As a Talent Hub, Corpus Christi to train locals for skilled jobs
Corpus Christi is now a Talent Hub for job training and recruitment — one of seven cities in the nation being recognized with grant money for creating environments that attract, retain, and cultivate job talent, especially among low-income families and individuals who have some college credits but no degree. The designation, which was announced Tuesday, June 5, at Staples Career Center in Corpus Christi, came from a partnership between the Lumina and Kresge foundations.
Lumina Foundation is a private foundation based in Indianapolis with a mission to create learning opportunities for everyone. The Kresge Foundation builds opportunities for low-income families. Together, they are giving three Corpus Christi organizations $275,000 to train workers and place them in skilled jobs. Other T
Talent Hub cities are committed to eliminating disparities in educational outcomes among minorities and low-income populations. The goal is to raise the nation’s overall post-high school attainment level to 60 percent of working-age adults by 2025. That includes 18- to 22-year-old students, older adults with college experience who stopped before finishing their studies, and adults with no formal education beyond high school
Close working relationships between organizations in the city created this opportunity for Corpus Christi, said Ken Trevino, president and CEO of Workforce Solutions of the Coastal Bend, when making the announcement. Workforce Solutions is working with Citizens for Educational Excellence and Del Mar College on the Talent Hub program.
The money will target the city’s population that has some college but no degrees. That happens to be one-fourth of the city’s residents.
“We have employers who are begging for educated and skilled workers,” said Dr. Janet Cunningham, executive director of Citizens for Educational Excellence. “Those people can come from Corpus Christi. This money can be used to set them on the pathway.”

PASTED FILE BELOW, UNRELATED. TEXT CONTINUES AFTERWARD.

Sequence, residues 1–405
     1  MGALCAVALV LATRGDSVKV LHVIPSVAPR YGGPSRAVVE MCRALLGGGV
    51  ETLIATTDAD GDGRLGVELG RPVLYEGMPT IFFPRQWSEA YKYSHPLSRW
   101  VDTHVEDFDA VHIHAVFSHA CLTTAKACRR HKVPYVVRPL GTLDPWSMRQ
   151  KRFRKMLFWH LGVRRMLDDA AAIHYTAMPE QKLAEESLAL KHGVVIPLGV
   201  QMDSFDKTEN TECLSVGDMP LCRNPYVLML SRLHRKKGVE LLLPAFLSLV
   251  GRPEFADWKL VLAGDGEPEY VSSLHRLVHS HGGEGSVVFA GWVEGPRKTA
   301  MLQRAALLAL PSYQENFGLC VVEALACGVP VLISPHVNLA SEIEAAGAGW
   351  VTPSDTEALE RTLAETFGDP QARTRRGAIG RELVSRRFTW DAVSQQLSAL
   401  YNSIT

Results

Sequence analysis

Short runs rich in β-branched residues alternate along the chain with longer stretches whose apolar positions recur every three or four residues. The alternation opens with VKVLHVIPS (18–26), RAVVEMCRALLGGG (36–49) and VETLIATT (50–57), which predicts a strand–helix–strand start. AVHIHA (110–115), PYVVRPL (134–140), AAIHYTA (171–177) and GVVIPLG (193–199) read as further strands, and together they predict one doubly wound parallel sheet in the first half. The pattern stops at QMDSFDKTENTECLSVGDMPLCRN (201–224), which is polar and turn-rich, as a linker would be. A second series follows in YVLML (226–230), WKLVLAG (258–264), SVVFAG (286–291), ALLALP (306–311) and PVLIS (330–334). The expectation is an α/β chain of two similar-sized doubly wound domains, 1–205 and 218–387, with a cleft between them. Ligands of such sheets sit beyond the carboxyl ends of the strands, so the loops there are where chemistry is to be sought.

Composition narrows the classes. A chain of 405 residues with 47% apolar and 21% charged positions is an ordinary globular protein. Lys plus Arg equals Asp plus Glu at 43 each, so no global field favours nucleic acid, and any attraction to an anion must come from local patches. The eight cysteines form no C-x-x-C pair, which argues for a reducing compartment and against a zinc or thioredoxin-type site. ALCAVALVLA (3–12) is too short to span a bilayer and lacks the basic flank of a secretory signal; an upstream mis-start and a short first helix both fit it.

The jobs for which people will be trained are high-paying, careers that can bring a family out of poverty and solidly into the middle class, said Corpus Christi City Council member Greg Smith.
“These are jobs you can raise a family with and go on to the next level and have a good life,” Smith said at the news conference. “Right now, in Corpus Christi, we have a huge opportunity. It is fantastic to get this grant.”
Newly appointed City Council member Everett Roy was also on hand to share his personal life experience, which speaks to the Talent Hub issue.
“When I was in college, I didn’t have a clue about what I wanted to do in life,” he said. “I had to go into the workforce for a while. I came back to finish my education later. This is a tremendous opportunity for our community and young people.”
Leonard Rivera, dean of continuing education and off-campus programs at Del Mar College, said the school would be working with high school students and adults who have some college but no degrees. Many of the training programs are fast-tracked, including eight-week carpentry and pipeline classes.
“We are going to work tirelessly with this group to get them trained and upscaled to realize the dreams they have,” Rivera said. “One of the reasons why Lumina bestowed this upon us, they see us as innovators, movers, and shakers. They see us making things happen.”
From Del Mar College classes, students will turn to Workforce Solutions for job placement.
“We have all these jobs being added in Corpus Christi and the Coastal Bend,” Trevino said. “We have the challenge of meeting that demand. Our community deserves this grant. The jobs in our community belong to us. The kids in our schools right now should have the first shot at these jobs. We are going to do everything in our power to make that happen.”
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